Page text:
If you decide to move on from the Nexus 6P but have appreciated its continued software support, the Pixel XL seems like a logical choice — the newest phone from Google will have the same guarantee of two years of software updates, as well three years of security patches, and that’s a big deal. The Pixel XL of course marks a new line of hardware (processors, graphics capabilities) and vision for software (Assistant, Daydream) that Google will be following going forward, so you’re also getting ready for the future here.
Then of course there’s the price situation, which really makes the difference in an upgrade decision — particularly just a year on with a phone that’s likely working well still. At a starting price of $499 last year the Nexus 6P offered a pretty solid value, slotting comfortably above traditional mid-range phones but also well under flagships. Now at $769 the Pixel XL is going head-to-head with the top-end of the market.
The 6P surely has some resale value at this point, but no matter what you’re going to be laying out a serious chunk of cash for the new Pixel XL. When you add that to the fact that the Nexus 6P is still a really great phone, shares many of the same specs and features with the Pixel XL, and will soon be receiving much the same software experience, you need to think about this long and hard. This isn’t an instant upgrade for many people, and you shouldn’t feel on the outside looking in if it doesn’t add up for you personally.
Google Pixel + Pixel XL
- Google Pixel and Pixel XL hands-on preview
- In pictures: Google Pixel and Pixel XL
- Pixel + Pixel XL specs
- Understanding Android 7.1 Nougat
- Verizon is the exclusive U.S. carrier for the Google Pixels
- Join the discussion in the forums!
It’s tough to find work these days that doesn’t require some pretty impressive computer skills. We’re not just talking about proficiency with some basic office software or keyboarding skills, either; some of the most in-demand IT jobs require you to be an expert in security, Cloud software, Linux,networking, and more. How on Earth do you get these under your belt? When do you have the time to study, or the money for tuition?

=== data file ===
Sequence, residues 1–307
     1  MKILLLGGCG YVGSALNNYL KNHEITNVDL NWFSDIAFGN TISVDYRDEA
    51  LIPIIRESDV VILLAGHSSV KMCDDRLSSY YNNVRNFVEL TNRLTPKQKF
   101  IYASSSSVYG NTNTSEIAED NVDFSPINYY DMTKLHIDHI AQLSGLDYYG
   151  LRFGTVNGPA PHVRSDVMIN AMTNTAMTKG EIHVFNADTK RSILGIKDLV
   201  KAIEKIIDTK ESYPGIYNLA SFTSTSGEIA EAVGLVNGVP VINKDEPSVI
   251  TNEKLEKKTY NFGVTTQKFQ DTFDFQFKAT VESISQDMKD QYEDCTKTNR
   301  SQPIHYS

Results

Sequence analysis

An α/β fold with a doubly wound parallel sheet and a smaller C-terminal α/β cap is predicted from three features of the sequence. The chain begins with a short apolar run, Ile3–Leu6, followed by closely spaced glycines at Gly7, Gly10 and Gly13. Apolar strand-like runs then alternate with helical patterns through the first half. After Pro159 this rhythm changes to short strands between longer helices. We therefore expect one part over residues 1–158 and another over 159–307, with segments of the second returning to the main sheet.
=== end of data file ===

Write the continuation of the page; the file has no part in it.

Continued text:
The online education experts at iCollege have the solution you’ve been hoping for with the Ultimate CompTIA Core Certification Bundle. By studying online, at your own pace, and at a much lower cost than you’d expect, you’ll get all the training you’ll need to pass the professional certification IT exams that will finally get you the job you’ve been wanting, or move your IT career to the next level.
The Ultimate CompTIA Core Certification Bundle is available right now through Android Central Digital Offers for only $49, a 95% savings on a three-course bundle that would normally cost you over $1000! Over a 12 month period, you’ll learn from the very best and cover all of the essential IT topics, and you’ll be able to:
- Identify the hardware components of PCs & mobile digital devices
- Understand operating systems, networking & security fundamentals
- Install, configure & troubleshoot display devices & peripheral components
- Manage system components & data storage
- Install, configure, optimize & maintain Microsoft Windows & other operating systems
- Support mobile digital devices, printers & multifunction devices
Prepare for your IT certification exams from the comfort of home and at your own pace. Move ahead at work or finally apply for the IT job you’ve always wanted. Take advantage of the Ultimate CompTIA Core Certification Bundle now for only $49!
See at Android Central Digital Offers
This may be the last chance you have to get a PlayStation VR bundle before Christmas.
Every time PlayStation VR went up for pre-order, it sold out in minutes. Sony has been slowly trickling these orders out to people who know where to look, but it couldn’t be more clear that this VR add on to your PlayStation 4 is going to be difficult to get after launch. If you’re willing to line up for midnight launches, there are a couple of places you might be able to camp out for a PlayStation VR on launch day. If that doesn’t work for you, it looks like Dell has a Doorbuster sale on their website starting at 11am EST for PlayStation VR kits shipping on October 13th.
Read more at VR Heads!
With the Note 7 saga seemingly never ending, Samsung will be looking to restore consumer trust with its next major phone launch. However, contrary to some reports, it is unlikely to be moving it closer, regardless of its current handset issues.